Sometimes my visit had nothing to do with homework. He’d squeak back in his wooden office rocker, nod and listen as I spoke nonsensically about something followed by uncontrolled tears. Those walls flanked by his filing cabinet and my mother’s sewing machine absorbed so much. Only at the end of my sessions would he utter a few words of open-ended questions and sound advice. I always felt better and always felt heard, as if he’d gently sewn up my leaky parts.

Over the years, he replaced his extensive collection of self-shot floral photography with pictures of my half sister Susan and her beautiful family, my school photos and eventually pictures of my husband and children. Now, when I think about it, his office was plastered with our faces…with barely a square-inch for anything else.

There were few upgrades: the house was that solid. But the 60s shag carpet—red and yellow in the family room (the colors of Zoom!) and black and gold in the dining room—eventually gave way to hardwood floors and costly central heating switched to a cost-effective wood stove in the early 80s followed by a less labor-intensive pellet stove in 2009.

 My mother and a sleeping, one-month-old me and the black-and gold shag carpet, before our  tokonoma  or altar with ceremonial dolls: Japanese Girls’ Day, March 1973

My mother and a sleeping, one-month-old me and the black-and gold shag carpet, before our tokonoma or altar with ceremonial dolls: Japanese Girls’ Day, March 1973

The wood stove days, which was when I was around, required round-the-clock work to keep the house warm, with the first person up in the morning stoking the dying embers to the first person home from school or work checking on its status. The last person before bed raked down the mountain of fiery coals and fed the stove with wood logs to last the night.

So much time spent concerned for fire and to think we were in the end consumed by it.

It wouldn’t seem so hard to heat our single story home aside from the expansive 12-foot-high cathedral ceilings of exposed redwood. But if it weren’t for those sweeping ceilings, I wouldn’t love rain the way I do. The combination of the ceiling height and simple tar and gravel roof made a storm sound like it was in the room: trickling, tinkling, plopping right onto your head. I couldn’t get enough. I would slide open my bedroom window to hear the rush of the raging brook at the edge of our property down the southern slope, as I drifted off to sleep during a rainstorm. It was my very own white noise machine before white noise machines, only real.

When friends came over to play, my mom sent us outside among the trees, and it was an endless source of magical entertainment. On that southern slope just above the brook was a grove of fragrant bays that grew so densely you could swing from one to another; I called it my “fairy forest” and imagined all kinds of dwarfs living among the roots. The Manzanita trees with their low profile and peeling bark, appealed to restless fingers, their curvy branches perfect for makeshift seating. The oaks just off of my parents’ bedroom actually bowed to the ground and served as balance beams, prolonging the end of many play dates: try and tear your kids off of one of those! And don’t get me started on the pines that were seemingly made for climbing like stepladders to the sky with their evenly spaced branches, smooth bark and lightly sticky sap.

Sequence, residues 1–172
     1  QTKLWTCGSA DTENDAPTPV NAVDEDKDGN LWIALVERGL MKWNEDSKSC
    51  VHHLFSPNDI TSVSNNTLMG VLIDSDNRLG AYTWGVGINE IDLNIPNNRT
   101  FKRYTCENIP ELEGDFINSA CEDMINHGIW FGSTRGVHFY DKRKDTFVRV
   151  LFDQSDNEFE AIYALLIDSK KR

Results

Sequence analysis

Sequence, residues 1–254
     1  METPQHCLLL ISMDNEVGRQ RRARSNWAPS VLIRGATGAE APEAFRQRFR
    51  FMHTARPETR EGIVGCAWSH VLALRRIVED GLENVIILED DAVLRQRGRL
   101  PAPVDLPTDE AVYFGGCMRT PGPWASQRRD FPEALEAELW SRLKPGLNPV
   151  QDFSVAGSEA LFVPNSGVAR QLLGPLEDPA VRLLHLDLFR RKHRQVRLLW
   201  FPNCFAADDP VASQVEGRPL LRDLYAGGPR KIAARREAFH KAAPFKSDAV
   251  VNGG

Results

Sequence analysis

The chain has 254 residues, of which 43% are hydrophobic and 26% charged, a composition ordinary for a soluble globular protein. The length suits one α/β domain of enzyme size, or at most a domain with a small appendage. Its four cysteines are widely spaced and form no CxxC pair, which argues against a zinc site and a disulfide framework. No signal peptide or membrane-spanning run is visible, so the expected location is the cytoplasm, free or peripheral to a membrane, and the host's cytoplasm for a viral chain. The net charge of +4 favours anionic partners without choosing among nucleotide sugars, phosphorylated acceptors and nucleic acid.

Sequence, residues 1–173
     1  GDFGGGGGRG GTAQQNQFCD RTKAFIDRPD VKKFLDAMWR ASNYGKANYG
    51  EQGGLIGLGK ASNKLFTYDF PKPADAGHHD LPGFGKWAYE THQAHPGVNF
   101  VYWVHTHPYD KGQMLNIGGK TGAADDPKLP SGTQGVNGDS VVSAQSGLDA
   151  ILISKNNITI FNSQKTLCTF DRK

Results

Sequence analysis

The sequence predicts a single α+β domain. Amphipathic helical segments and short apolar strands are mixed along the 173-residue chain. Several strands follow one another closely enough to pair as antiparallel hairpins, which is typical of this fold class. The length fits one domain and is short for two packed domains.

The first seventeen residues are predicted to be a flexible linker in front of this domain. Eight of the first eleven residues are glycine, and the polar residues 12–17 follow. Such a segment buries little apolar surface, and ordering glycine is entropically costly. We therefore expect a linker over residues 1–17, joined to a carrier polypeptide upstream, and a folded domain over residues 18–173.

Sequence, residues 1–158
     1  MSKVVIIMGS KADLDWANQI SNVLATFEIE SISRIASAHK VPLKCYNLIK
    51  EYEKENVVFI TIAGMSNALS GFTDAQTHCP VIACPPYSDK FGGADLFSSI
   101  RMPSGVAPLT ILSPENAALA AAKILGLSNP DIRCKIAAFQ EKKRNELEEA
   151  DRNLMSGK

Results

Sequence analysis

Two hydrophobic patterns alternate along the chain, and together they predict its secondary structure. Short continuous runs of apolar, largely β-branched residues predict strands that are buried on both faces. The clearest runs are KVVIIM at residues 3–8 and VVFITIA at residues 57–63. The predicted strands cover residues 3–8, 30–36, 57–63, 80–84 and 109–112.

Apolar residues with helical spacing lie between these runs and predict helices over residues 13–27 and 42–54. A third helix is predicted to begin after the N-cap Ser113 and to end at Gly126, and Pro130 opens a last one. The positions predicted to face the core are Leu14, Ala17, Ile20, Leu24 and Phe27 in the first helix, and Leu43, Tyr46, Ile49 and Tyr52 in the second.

It’s a favorite story of my father’s the time when I climbed the perfect pine on the southwestern corner of our property so high so as to become a pendulum at the top—swaying gently from side to side. With entire valley views of neighboring vineyards, the Shinabargar’s lake, the Foothills across the way bathed in sunset, I couldn’t give it up despite my parents’ pleas for dinner: my responses drowned out by distance and wind song anyway. After dark, I eventually descended for supper. Were they worried? I suppose. But it was that kind of childhood, where I often came in with grease bush flowers in my hair and played outside until I couldn’t pedal my banana seat bike past the darkness.

As I head home on a plane, not having seen the ashes of our former home, this is how I wish to remember her. The redwood exterior. My mother’s kokeshi doll collection. My dad’s music. My parents’ sun-drenched bathroom. My white leather baby shoes. The rear door that closed with a quiet click.

 Here I am blue-eyed and eight months old, dressed like a doll in a bassinet on the front stoop. I’m holding my white bootie pried from my foot.

Here I am blue-eyed and eight months old, dressed like a doll in a bassinet on the front stoop. I’m holding my white bootie pried from my foot.

A mini-tornado once brought a burst of purple wildflowers that thereafter bloomed every spring. Who knows what will grow on this land in the wake of the fires? Who knows if my parents, now in their precious golden years, will choose to rebuild?

All I know is that when I close my eyes, I can still see her standing.

 My first visit post-fire to the site of our former house on November 19, 2017. This is the same vantage as the opening picture.

My first visit post-fire to the site of our former house on November 19, 2017. This is the same vantage as the opening picture.

 Thanksgiving Day 2017. The pole to my right was a globe-shaped light at the top of the walkway we used to welcome visitors.

Thanksgiving Day 2017. The pole to my right was a globe-shaped light at the top of the walkway we used to welcome visitors.

 Green in rocks: first signs of new life nestled in the boulders along the driveway, Nov 2017.

Green in rocks: first signs of new life nestled in the boulders along the driveway, Nov 2017.

 After some delays, the land is at last prepped for the rebuild, which will commence November 2018. My parents are looking forward to their return.

After some delays, the land is at last prepped for the rebuild, which will commence November 2018. My parents are looking forward to their return.

Updated October 8, 2018 on the one-year anniversary of the Tubbs Fire. Originally published in The Huffington Post.